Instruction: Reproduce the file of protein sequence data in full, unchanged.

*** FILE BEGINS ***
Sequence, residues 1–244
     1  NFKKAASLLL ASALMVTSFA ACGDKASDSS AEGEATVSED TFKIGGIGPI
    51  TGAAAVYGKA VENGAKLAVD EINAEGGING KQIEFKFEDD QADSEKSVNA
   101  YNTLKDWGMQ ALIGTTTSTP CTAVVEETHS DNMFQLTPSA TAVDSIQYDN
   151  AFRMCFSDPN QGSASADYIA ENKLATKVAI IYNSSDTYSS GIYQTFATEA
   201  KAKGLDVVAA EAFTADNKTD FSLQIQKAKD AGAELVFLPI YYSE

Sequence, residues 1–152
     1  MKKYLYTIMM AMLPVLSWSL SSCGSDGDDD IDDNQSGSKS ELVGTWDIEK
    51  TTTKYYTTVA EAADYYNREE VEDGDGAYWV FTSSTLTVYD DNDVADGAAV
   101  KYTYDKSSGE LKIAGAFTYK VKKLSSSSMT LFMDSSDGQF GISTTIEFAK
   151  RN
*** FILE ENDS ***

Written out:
Sequence, residues 1–244
     1  NFKKAASLLL ASALMVTSFA ACGDKASDSS AEGEATVSED TFKIGGIGPI
    51  TGAAAVYGKA VENGAKLAVD EINAEGGING KQIEFKFEDD QADSEKSVNA
   101  YNTLKDWGMQ ALIGTTTSTP CTAVVEETHS DNMFQLTPSA TAVDSIQYDN
   151  AFRMCFSDPN QGSASADYIA ENKLATKVAI IYNSSDTYSS GIYQTFATEA
   201  KAKGLDVVAA EAFTADNKTD FSLQIQKAKD AGAELVFLPI YYSE

Sequence, residues 1–152
     1  MKKYLYTIMM AMLPVLSWSL SSCGSDGDDD IDDNQSGSKS ELVGTWDIEK
    51  TTTKYYTTVA EAADYYNREE VEDGDGAYWV FTSSTLTVYD DNDVADGAAV
   101  KYTYDKSSGE LKIAGAFTYK VKKLSSSSMT LFMDSSDGQF GISTTIEFAK
   151  RN